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A Brief History of Airline Passenger Seats

John H. Hill shares the aesthetic behind one of San Francisco Airport Museum's exhibitions.

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Through January 2009, the San Francisco Airport Museum is featuring an exhibit on how airliner seating has evolved. On display are seats from a Ford Tri-motor, Fokker F-10, Boeing 80A, 247, 727, and 747, Douglas DC-3 and -4, and Lockheed Constellation. Senior Associate Editor Perry Turner chatted with John H. Hill, curator in charge of aviation, about the exhibit last September.

Air & Space: What did you hope the exhibit would demonstrate?

Hill: With the focus here at the San Francisco Airport Commission Aviation Library and Louis A. Turpen Aviation Museum on the history of commercial air transport, we tend to emphasize human factors, the connections and crossovers that aviation has with many aspects of our everyday lives. Today, air travel is so commonplace to such a large segment of the public that it has become something of an entitlement. This is a good thing. But it wasn’t too long ago that aviation was very small, very novel, very expensive, very adventurous, and not very fast vis à vis rail. With a show like this we hope to provide an opportunity for the public to learn a little more about what flying was like in the formative years of the airlines: that the airplane was once predominantly a communications tool where emphasis was placed on the airmail, that slowly this new form of transportation became more commonplace. And that arc can be plainly seen in the historical sequence of objects such as airline passenger seats.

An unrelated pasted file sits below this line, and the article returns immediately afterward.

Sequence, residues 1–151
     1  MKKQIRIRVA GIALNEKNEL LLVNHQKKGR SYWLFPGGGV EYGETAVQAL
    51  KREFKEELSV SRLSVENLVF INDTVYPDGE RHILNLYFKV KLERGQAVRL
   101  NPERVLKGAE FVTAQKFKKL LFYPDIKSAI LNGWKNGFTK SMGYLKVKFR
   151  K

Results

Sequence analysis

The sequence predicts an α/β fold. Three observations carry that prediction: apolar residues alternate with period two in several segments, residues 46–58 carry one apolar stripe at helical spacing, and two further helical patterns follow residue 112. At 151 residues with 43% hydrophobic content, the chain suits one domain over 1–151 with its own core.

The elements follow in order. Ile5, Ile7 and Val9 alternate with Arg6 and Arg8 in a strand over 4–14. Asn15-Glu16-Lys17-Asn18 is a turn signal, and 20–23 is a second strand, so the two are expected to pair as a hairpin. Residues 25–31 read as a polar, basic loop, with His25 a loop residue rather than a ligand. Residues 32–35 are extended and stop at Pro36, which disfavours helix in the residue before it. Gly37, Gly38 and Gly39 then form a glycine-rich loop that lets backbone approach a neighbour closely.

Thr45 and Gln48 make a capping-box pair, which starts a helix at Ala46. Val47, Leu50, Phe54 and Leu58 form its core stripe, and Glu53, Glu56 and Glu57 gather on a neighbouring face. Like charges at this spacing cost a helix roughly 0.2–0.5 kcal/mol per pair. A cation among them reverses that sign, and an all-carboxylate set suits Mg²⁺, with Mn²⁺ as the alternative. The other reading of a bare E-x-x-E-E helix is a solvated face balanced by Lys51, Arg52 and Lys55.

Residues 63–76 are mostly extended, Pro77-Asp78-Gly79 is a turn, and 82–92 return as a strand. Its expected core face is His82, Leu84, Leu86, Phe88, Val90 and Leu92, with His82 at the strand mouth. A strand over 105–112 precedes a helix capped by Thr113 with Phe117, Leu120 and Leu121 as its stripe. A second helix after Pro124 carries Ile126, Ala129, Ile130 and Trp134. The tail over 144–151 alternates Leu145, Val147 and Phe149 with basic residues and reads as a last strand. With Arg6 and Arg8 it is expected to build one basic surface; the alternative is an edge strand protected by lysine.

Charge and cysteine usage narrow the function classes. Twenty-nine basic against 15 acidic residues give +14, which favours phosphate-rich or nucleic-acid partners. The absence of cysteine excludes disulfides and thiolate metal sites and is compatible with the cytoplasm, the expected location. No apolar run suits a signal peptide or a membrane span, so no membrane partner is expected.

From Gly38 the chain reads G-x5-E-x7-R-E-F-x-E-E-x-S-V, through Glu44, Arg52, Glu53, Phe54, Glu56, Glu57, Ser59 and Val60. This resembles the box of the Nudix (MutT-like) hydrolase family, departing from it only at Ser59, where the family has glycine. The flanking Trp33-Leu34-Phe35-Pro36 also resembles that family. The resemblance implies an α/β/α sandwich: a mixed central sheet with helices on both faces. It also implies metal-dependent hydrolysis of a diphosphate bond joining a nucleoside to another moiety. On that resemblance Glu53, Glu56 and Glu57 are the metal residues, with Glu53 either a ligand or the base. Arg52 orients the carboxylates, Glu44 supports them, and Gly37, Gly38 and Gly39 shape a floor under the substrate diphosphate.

Air & Space: How did you acquire examples of airline seats?

Hill: The Ypsilanti wicker is one of a pair we acquired from a source in southern Florida in 2001, and their provenance traces back to the daughter of a man who was with Pan American Airways in the late 1920s and ’30s. The original headrests were in place but in very poor condition, and both seat and headrests ware painted a bright green. Our conservators analyzed paint layers and found the underlying burgundy color. We matched it and repainted and redid the leather headrests and added a seat cushion, working from photographs. The American Airlines C. R. Smith Museum at Dallas-Forth Worth Airport was very nice to lend the DC-3 seat. The circa-1958 Teco seat was generously donated to us by the Save A Connie group in Kansas City, now the Airline History Museum. All the rest are doubles [from various sources].

Air & Space: Tell us the predominant theme you noticed as you looked at the evolution of airplane-passenger seating.

Hill: Historically, the comfort of the seats in relation to the duration of the flights are in inverse proportions.  In other words, early seats, say on a trimotor of the late 1920s, were fairly rudimentary, with passenger service being something of an afterthought compared to mail and express. But, a flight from San Francisco to Los Angeles could take three and a half hours, not to mention the high probability of considerable turbulence and physical upset with the limited ceiling. Compare that with today’s flight time on the same route: 55 minutes, with relatively comfortable seats even in economy and certainly in business and first.